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Ranking ‘Fake’ Cheeses by How (Un)Healthy They Are

Vegan cheese? Kraft Singles? Cheez Whiz? Which weird, yellow goo is least likely to turn my insides into weird, yellow goo?

Few things are more American than processed cheese, that incandescent yellow sludge that nourishes our children and populates Instagram with mouth-watering cheese pulls

Despite the questionable reputation that comes along with being processed, these products are indeed real cheese… or at least, they start out that way before being cut with other, non-cheese ingredients, like preservatives, enhancers and stabilizers. These ingredients could theoretically serve several purposes, such as making the flavor more consistent, making the texture more meltable or making the appearance more craveable. However, as one Bon Appétit article pointedly suggests, “What it comes down to is that grocers and distributors don’t have to care for processed cheese in the same way that they do for real cheese. It’s cheaper for the producer, the seller and the consumer. It’s about money and time.” 

Same old, same old.

Whatever the case, there are plenty of “almost cheese” cheeses out there, and there are plenty of times when unprocessed cheeses are less than optimal (on a burger, say, or a 2 a.m. grilled cheese). In those situations, which one to choose? To help you make that decision, I asked dietician Abbey Sharp, author of The Mindful Glow Cookbook, to help me rank an assortment of near-cheeses by how healthy they are — from surprisingly okay to “death by golden muck.”

Here’s what she came up with… 

1) Daiya Cheddar Style Shreds: This is a vegan “cheese” product, which is good for our purposes, since dairy cheeses contain casein, an animal protein that has the capacity to promote the growth of tumors (and an ingredient that Dana Hunnes, senior dietitian at the Ronald Reagan UCLA Medical Center, never hesitates to warn me about). Vegan “cheese” also typically has less saturated fat — which has traditionally been linked to heart disease — than regular cheese, so that’s another plus. The simple fact that this is vegan gives it a slight head start in terms of nutrition.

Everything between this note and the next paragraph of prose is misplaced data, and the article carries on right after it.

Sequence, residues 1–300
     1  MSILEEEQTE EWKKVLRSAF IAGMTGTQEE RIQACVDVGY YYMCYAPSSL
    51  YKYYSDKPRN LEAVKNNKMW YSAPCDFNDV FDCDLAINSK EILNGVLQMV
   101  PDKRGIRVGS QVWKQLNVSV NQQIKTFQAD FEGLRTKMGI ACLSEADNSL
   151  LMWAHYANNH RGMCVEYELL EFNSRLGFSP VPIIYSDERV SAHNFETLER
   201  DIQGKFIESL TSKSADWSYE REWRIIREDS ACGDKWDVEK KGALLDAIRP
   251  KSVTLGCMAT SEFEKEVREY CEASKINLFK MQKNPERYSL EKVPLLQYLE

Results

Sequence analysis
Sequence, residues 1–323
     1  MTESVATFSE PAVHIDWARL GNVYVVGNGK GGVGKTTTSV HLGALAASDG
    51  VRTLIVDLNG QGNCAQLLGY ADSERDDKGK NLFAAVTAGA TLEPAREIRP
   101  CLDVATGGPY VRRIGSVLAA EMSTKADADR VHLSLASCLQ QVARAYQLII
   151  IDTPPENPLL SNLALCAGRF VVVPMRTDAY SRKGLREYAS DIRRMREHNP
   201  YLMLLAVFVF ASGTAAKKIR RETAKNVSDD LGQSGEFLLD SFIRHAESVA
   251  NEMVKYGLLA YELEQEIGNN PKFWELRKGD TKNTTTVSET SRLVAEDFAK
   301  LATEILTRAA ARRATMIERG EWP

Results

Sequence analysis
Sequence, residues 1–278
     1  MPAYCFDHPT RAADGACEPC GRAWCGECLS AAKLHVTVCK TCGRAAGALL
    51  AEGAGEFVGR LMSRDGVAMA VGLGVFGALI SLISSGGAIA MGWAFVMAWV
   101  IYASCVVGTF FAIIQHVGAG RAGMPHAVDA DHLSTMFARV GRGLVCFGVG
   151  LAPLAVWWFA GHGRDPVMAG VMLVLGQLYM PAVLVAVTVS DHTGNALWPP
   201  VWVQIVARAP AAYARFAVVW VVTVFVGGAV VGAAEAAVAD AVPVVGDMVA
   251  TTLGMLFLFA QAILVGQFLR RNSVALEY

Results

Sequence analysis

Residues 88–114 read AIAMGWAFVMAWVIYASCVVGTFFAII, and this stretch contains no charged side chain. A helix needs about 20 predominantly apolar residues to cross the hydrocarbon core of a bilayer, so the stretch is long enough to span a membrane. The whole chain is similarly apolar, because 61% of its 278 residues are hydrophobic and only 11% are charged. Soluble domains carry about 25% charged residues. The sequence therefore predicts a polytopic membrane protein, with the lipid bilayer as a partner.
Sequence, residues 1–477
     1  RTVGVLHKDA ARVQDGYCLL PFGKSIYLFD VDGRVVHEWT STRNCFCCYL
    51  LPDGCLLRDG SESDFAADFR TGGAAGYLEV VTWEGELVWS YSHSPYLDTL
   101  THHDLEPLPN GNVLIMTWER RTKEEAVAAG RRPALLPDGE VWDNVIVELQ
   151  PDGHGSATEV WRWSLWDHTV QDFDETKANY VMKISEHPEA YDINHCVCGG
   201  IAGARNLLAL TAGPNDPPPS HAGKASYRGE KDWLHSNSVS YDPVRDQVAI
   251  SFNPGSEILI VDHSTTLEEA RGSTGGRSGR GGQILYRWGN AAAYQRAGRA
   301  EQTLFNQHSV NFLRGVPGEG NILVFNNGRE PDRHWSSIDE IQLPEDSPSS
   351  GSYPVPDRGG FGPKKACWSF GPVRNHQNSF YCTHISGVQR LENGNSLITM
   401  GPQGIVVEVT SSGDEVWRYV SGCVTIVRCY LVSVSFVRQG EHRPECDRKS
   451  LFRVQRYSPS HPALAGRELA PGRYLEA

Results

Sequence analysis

Not surprisingly then, Sharp slots this product atop our list. “My go-to would be Daiya, because it’s a great way to sneak some extra plant-based food into your diet without losing out on the cheese experience,” she explains. “I like that Daiya products are also gluten-and-soy-free, so they can appeal to a wide variety of needs, and these cheese shreds have the same flavor, texture, aroma, stretch and melt-factor as their original counterparts.” In other words, you can totally make some Instagrammable cheese pulls with this stuff.

Full disclosure: None of this is to say that Daiya “cheese” is completely healthy, since it does contain several vegetable oils, which can boast some unhealthy fats, especially when consumed in large amounts.

2) Chao Creamy Original Slices: Another vegan “cheese,” Sharp says these are “not a bad option.” One slice contains a measly 60 calories and 180 milligrams of sodium, but as Sharp points out, “There are a lot of modified starches in the recipe and no fiber or protein,” unlike the Daiya product, which at least boasts a little bit of each. In this case, the sources of the modified starches are corn and potatoes, which have been chemically treated, hence being modified. These aren’t necessarily killer ingredients — they simply add some bulk to this “cheese”; however, they provide virtually no nutritional value.